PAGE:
Please watch my video below on what to do if your baby needs a soother to fall back to sleep at night.
To ask a question about your child’s sleep, just leave it in the ‘Comments’ section below! I’ll choose one and create a new video answer each week!View the Video Transcript
Hi! I’m Dana Obleman, creator of The Sleep Sense Program. If you’d rather read than watch, I’ve transcribed the text of this video below.
This week’s question comes from Michelle. She writes:
“My five-month-old falls asleep on her own in her crib every night and for every nap. But most nights, she wakes up after only three hours. I then put the pacifier back in and she goes to sleep. The problem is that this is happening almost every hour for the rest of the night. Please help.”
I think it’s interesting when people write to me—and you’re not the only one—and tell me that their child falls asleep on their own in their crib. Well, that’s great. She’s not relying on rocking, she’s not relying on lots of nursing from you or attention from you. She’s falling asleep on her own, which is good. But she’s not doing it on her own. She’s basically using a pacifier to get herself to sleep.
I’ve said this over and over, so forgive me if I sound like a broken record, but sleep is a journey. How to get yourself from point A to point B is the problem for a lot of babies. How do I bridge the distance between being awake and falling asleep? So, if a baby is using a pacifier to get themselves to sleep, they’re not really doing it on their own. It’s a prop, just like anything else. You get that soother in your mouth, you suck, suck, suck, and that’s your cue that it’s time to start falling asleep. But, somewhere in the night—and usually as soon as they get into the deeper part of their sleep cycle—the soother comes out. It either falls out, or you can even watch a baby push it out with their tongue, just so they can really get into their deep part of the cycle. So, when she has a little wake-up somewhere in the night, and the soother’s no longer there, she’s going to need help.
I’ve read things that say just put five or ten soothers in the crib, and maybe when she’s flailing around in the dark she might luckily find one and get it back into her mouth. I don’t know of very many babies that actually works for. In fact, I don’t even know many toddlers that works for, because of the thought process that has to go on in the night when you’re half asleep and you want your prop but you can’t find it. You think, “Maybe if I just pat around, I’ll find one, and then I’ve got to get it into my mouth, and it has to be the right direction.” That’s a lot of things that have to happen just right or else that soother’s not going to make it. And with most babies, as soon as they wake up enough and realize it’s not there, they’re just crying. If they can sit up, they sit up. If they can stand, they stand. They’re upset. They’re not happy to be awake—it’s the middle of the night. So you need to come in and solve the problem by putting that pacifier back in.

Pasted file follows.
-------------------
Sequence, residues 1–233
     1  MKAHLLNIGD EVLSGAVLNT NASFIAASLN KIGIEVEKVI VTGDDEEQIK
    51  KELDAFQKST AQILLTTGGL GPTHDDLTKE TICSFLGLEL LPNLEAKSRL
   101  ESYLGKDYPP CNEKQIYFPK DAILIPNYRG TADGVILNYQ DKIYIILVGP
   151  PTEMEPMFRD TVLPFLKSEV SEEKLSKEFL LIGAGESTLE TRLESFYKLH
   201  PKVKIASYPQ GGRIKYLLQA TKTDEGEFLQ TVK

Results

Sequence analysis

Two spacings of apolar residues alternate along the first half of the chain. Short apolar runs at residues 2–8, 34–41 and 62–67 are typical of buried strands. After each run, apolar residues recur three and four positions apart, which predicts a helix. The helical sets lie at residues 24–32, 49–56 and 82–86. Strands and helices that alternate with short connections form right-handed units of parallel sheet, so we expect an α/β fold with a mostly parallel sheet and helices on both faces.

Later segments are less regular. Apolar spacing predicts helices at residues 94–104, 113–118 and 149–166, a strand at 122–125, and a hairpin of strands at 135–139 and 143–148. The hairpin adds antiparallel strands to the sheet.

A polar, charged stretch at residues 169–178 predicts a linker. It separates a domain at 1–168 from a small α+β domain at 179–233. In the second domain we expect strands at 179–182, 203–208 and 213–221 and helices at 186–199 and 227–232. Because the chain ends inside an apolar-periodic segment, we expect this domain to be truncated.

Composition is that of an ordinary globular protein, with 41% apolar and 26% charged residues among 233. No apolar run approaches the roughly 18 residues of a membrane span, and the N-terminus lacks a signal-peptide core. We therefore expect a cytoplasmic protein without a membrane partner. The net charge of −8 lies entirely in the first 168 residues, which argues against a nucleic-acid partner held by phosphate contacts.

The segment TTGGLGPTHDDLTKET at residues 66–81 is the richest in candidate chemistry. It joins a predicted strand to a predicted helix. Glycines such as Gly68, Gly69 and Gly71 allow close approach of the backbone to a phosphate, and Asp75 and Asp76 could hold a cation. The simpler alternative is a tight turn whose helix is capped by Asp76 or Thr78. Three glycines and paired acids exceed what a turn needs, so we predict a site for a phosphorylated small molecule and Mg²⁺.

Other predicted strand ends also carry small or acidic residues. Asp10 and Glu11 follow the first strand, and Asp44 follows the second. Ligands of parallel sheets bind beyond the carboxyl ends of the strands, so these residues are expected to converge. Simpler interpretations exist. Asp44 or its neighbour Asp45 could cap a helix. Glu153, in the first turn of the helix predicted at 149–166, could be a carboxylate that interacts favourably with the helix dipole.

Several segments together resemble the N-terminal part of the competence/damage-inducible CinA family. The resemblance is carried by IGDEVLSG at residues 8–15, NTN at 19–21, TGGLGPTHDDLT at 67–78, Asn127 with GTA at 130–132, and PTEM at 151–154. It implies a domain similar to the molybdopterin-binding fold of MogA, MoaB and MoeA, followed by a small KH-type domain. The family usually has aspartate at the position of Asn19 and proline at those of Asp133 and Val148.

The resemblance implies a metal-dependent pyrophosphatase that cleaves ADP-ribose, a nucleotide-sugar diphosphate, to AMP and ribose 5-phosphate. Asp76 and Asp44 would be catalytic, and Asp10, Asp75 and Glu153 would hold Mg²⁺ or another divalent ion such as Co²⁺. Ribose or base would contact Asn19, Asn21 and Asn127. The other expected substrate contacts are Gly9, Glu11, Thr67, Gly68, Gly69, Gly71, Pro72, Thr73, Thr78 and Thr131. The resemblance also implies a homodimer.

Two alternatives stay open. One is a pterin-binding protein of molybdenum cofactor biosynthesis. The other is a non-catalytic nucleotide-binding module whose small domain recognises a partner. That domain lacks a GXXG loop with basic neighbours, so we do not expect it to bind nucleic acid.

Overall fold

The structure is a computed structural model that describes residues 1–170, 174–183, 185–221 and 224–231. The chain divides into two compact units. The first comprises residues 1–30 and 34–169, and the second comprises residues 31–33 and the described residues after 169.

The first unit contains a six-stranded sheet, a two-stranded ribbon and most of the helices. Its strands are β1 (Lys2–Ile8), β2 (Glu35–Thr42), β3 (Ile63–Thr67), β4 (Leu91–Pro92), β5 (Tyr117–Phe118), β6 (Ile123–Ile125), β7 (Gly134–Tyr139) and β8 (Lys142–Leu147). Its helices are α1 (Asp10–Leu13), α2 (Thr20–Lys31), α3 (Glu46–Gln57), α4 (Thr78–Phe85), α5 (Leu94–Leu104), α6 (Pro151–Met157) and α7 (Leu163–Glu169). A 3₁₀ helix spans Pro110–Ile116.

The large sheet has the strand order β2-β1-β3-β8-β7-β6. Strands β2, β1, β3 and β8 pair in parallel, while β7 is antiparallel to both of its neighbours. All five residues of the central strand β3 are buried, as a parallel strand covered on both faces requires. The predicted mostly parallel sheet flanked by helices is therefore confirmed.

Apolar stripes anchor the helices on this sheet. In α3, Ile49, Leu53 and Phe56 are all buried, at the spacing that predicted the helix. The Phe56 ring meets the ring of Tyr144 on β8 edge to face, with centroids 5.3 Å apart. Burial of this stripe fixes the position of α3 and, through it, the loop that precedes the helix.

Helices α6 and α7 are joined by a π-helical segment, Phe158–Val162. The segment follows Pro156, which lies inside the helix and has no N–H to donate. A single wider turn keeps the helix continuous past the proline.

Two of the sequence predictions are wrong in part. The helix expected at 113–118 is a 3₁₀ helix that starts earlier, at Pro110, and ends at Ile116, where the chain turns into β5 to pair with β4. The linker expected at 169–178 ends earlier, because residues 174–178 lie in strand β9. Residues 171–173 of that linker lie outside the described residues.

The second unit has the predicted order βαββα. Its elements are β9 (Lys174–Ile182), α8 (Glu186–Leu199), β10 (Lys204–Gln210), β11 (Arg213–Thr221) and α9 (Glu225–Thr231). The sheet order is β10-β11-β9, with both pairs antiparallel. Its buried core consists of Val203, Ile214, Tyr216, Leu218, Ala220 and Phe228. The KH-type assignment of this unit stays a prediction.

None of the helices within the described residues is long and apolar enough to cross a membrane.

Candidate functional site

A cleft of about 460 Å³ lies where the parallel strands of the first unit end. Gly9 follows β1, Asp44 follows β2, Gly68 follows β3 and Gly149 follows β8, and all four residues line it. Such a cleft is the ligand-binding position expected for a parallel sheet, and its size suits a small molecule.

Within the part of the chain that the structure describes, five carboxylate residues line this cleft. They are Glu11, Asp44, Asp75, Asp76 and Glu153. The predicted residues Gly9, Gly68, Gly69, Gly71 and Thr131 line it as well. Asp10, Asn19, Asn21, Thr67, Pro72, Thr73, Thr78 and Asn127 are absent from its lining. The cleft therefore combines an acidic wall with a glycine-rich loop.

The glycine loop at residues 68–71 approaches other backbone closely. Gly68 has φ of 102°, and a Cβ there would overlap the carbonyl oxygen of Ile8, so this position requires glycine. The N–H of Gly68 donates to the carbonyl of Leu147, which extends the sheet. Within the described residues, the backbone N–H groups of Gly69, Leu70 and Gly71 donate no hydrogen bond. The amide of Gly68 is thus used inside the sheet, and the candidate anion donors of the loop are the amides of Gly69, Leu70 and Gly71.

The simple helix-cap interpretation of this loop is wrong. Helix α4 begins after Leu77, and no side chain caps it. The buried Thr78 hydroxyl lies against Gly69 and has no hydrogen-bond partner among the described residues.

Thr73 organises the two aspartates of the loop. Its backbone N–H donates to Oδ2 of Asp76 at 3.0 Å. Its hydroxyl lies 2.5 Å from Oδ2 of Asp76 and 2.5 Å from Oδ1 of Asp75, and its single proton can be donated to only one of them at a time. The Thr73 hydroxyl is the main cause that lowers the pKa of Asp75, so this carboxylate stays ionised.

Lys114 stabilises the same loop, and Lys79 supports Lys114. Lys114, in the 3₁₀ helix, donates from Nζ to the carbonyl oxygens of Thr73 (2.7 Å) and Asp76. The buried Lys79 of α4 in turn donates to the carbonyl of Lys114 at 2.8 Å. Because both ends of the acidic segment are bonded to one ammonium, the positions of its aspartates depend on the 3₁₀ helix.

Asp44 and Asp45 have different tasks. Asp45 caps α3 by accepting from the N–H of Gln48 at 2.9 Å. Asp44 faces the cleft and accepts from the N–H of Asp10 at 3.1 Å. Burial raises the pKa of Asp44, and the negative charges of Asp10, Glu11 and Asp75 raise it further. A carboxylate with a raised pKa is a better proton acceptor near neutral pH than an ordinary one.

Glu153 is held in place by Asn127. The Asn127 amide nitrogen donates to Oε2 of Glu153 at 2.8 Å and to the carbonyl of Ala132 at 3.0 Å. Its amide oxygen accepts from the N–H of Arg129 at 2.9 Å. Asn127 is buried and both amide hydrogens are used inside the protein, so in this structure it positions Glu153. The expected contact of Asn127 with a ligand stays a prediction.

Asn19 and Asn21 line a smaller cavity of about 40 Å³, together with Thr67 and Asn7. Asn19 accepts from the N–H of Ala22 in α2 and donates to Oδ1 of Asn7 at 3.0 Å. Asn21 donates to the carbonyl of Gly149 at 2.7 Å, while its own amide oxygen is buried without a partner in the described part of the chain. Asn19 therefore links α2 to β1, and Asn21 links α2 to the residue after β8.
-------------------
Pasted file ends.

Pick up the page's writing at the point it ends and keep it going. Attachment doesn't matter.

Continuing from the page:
What you need to do is teach her how to fall asleep without the pacifier. The pacifier should not be involved in sleep at all. You would do the same routine every night. You’re going to put her in there without the pacifier. You can expect that’s going to be a bit of a change for her and a transition to learn, “How do I do this without that sucking sensation?” But she will. She got used to using the soother; she can definitely get used to not using it.
You can handle it a variety of ways. If you want to do a leave-and-check style, you can go in every two or three minutes and reassure her and then leave. Or you can follow the stay-in-the room method, just to be supportive to her. You realize this is a transition and you know it’s not going to be easy at first and you’re there to be supportive. But, learning the skill of sleeping is something that only I can learn—you can’t do it for me. You have to keep that in mind as you begin this.
The good news is that once she figures out how to do this without the soother, the night wakings are going to stop. They won’t stop instantly, but they definitely will follow, and pretty soon you’ll have a peaceful night where she’s sleeping 11 or 12 hours without any need for assistance from you.
I do think this is the perfect time and the perfect age for you to go ahead and take this step. You don’t have to get rid of the pacifier altogether. If you want to use it when you’re in the car or in the grocery store or just to buy yourself a few minutes while you get dinner on, then use it. But it shouldn’t be involved in a child’s strategy for sleep. Good-sleeping children are prop free, so that’s your goal.
Thanks for your question. Sleep well!
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